Have you had a prior injury to the knee that involved your meniscus? Are you now experiencing pain, stiffness or locking in the knee? If so, you may have a meniscus deficiency. Meniscus deficiencies can occur in one, or both of the menisci in the knee. Meniscus deficiency specialist, Doctor Riley J. Williams provides diagnosis as well as surgical and nonsurgical treatment options for patients in Manhattan, Brooklyn, New York City and surrounding areas who have sustained a previous knee injury and now have a meniscus deficiency. Contact Dr. Williams’ team today!
The medial meniscus and lateral meniscus are two crescent shaped pieces of fibrocartilage that act as shock absorbers between the bones in the knee. Meniscus deficiency occurs when the meniscus is worn, damaged or torn. In the meniscus deficient knee, the bones and the remaining cartilage are subject to added stress and degeneration. The absence of the meniscus is referred to as a meniscus deficiency. This knee condition can contribute to the onset of arthritis and can cause misalignment of the bones in the knee joint. Dr. Riley J. Williams has extensive experience in treating patients in Manhattan, Brooklyn, New York City, NY and surrounding areas who have a meniscus deficiency.
What causes a meniscus deficiency?
Meniscus deficiencies are most often the result of prior knee surgery. Each knee has two discs of cartilage, each called a meniscus (medial and lateral). If the meniscus becomes torn or injured, patients may need to have part, or all of it removed; this is called a meniscectomy. While a meniscectomy can relieve symptoms of a torn or injured meniscus, it can cause future problems for the knee joint. Meniscus deficiency can cause an early development of osteoarthritis which can break down the bones in the joint.
What are symptoms of a meniscus deficiency?
Pain in the knee, especially with movement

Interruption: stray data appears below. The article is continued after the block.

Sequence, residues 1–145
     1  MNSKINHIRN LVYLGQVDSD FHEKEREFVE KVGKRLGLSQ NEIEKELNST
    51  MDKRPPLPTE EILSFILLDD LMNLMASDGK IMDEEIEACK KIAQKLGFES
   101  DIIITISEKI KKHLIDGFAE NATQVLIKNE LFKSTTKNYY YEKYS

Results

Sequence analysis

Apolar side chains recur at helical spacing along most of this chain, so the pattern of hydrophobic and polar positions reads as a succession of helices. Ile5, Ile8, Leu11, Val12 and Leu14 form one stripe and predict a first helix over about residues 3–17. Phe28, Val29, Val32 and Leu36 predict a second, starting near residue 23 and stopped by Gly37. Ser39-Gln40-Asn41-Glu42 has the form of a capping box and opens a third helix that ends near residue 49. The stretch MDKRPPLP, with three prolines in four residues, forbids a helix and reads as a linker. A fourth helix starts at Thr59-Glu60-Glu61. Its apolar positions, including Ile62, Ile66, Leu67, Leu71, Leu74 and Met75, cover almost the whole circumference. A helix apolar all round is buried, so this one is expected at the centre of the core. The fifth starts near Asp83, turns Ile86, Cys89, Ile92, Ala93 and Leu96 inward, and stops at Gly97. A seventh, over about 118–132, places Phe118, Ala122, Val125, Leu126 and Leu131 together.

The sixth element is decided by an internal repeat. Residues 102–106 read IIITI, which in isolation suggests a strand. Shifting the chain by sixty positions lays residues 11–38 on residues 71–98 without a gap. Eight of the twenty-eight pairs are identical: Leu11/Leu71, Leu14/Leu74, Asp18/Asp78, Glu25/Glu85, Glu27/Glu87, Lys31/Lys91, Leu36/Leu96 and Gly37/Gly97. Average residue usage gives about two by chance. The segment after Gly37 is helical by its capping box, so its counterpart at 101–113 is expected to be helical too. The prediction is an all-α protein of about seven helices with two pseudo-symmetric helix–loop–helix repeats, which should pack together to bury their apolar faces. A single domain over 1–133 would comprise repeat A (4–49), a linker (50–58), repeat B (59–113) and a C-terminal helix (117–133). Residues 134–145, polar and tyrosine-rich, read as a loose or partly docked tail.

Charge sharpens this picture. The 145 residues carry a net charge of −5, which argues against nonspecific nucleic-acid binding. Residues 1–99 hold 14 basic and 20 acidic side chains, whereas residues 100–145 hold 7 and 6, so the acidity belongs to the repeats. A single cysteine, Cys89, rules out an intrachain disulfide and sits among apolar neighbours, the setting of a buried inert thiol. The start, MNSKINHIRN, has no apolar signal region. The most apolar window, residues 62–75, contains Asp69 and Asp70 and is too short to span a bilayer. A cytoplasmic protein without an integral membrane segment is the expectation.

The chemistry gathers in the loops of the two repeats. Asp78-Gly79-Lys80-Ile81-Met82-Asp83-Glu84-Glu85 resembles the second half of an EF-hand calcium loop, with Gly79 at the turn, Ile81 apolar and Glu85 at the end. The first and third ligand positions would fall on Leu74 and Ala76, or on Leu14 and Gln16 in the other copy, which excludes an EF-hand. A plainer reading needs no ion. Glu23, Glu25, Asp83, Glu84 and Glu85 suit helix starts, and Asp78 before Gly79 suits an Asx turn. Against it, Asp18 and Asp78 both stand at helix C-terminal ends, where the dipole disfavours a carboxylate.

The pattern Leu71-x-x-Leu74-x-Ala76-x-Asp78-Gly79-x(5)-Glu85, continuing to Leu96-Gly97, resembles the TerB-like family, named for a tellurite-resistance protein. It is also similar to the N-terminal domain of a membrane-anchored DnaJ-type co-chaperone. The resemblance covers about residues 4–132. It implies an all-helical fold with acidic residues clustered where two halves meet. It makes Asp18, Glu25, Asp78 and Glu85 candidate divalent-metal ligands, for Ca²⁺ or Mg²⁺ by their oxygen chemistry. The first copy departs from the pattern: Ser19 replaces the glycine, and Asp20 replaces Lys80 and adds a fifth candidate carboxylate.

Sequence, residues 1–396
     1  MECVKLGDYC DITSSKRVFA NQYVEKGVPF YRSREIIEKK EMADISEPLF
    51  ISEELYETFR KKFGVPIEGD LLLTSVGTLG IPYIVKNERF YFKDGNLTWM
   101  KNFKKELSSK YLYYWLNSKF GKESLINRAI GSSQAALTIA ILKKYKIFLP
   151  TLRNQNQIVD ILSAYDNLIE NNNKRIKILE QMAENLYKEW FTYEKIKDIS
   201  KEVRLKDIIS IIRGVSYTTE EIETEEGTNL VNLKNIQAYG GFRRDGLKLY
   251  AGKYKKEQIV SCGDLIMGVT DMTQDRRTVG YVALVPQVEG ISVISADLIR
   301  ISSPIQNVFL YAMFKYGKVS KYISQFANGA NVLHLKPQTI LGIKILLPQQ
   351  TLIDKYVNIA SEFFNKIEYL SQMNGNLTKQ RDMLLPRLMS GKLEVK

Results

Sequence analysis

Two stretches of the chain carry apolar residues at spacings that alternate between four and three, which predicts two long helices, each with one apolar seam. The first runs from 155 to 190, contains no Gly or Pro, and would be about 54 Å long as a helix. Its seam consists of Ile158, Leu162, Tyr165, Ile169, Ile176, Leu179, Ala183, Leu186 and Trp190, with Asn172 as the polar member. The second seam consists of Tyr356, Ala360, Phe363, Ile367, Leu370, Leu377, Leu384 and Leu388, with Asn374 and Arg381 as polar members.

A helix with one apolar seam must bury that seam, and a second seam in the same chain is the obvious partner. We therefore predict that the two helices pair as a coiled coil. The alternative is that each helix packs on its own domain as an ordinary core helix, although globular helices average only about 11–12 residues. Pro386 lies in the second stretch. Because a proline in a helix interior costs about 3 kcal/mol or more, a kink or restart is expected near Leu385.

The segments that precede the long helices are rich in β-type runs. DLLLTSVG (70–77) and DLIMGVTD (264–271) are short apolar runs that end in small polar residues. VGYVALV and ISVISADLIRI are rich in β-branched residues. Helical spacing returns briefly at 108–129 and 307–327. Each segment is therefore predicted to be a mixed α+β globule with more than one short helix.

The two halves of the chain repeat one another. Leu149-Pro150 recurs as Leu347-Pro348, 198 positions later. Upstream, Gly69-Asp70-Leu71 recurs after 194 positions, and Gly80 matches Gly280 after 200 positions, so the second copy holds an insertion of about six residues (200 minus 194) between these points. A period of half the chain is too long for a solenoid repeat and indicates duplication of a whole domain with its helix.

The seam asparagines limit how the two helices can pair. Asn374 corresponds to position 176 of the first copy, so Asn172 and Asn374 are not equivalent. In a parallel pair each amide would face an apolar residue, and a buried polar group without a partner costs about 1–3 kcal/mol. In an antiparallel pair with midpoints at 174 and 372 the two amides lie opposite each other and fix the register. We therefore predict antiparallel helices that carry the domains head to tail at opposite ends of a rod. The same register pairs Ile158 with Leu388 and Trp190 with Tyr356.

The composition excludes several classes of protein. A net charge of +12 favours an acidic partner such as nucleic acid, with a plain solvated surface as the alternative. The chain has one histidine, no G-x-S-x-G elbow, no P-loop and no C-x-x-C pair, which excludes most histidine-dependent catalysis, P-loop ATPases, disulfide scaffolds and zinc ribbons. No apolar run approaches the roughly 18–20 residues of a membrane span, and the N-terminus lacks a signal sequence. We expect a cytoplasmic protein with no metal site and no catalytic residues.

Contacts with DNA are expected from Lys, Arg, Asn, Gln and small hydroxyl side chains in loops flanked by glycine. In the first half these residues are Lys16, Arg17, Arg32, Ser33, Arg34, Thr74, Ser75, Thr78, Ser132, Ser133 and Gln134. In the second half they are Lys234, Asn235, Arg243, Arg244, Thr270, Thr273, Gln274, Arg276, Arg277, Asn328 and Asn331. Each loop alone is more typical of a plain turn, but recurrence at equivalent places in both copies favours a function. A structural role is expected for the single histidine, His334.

Decrease in activity caused by pain
Loss of function of the knee
Stiffness in the knee joint
How is a meniscus deficiency diagnosed?
Dr. Williams will perform a physical examination of the affected knee and may order an x-ray, MRI scan, CT scan, or bone scan. He will look for misalignment of the joint, wear-and-tear within the joint and will determine the health of the structures within the knee. Dr. Williams will check the ligaments, health of the meniscus and will be able to determine if there is a meniscus deficiency.
What is the treatment for a meniscus deficiency?
When possible, Dr. Williams will treat a meniscus deficiency conservatively. This may include:
Medication that reduces inflammation and helps with pain
When conservative measures fail to alleviate the painful symptoms of a meniscus deficiency, Dr. Williams may recommend one or more of the following procedures:
Knee Arthroscopy – Can be used to clean up and remove unstable meniscus fragments
Meniscal Allograft Transplantation (MAT) – Replaces the deficient meniscus with a donor meniscus
High Tibial Osteotomy –Re-align the knee tibia bone to relieve pressure on the deficient meniscus area
Partial or Unicompartmental Knee Replacement- For isolated cases of osteoarthritis when the meniscus cannot be repaired or replaced and there is exposed bone causing pain
Total Knee Replacement – For advanced cases of osteoarthritis when the meniscus cannot be repaired or replaced and there is bone-on-bone degeneration.
For more information on meniscus deficiency, knee pain and the different treatment options available, please contact the office of Riley Williams, MD, knee specialist serving Manhattan, Brooklyn, New York City, NY and surrounding areas.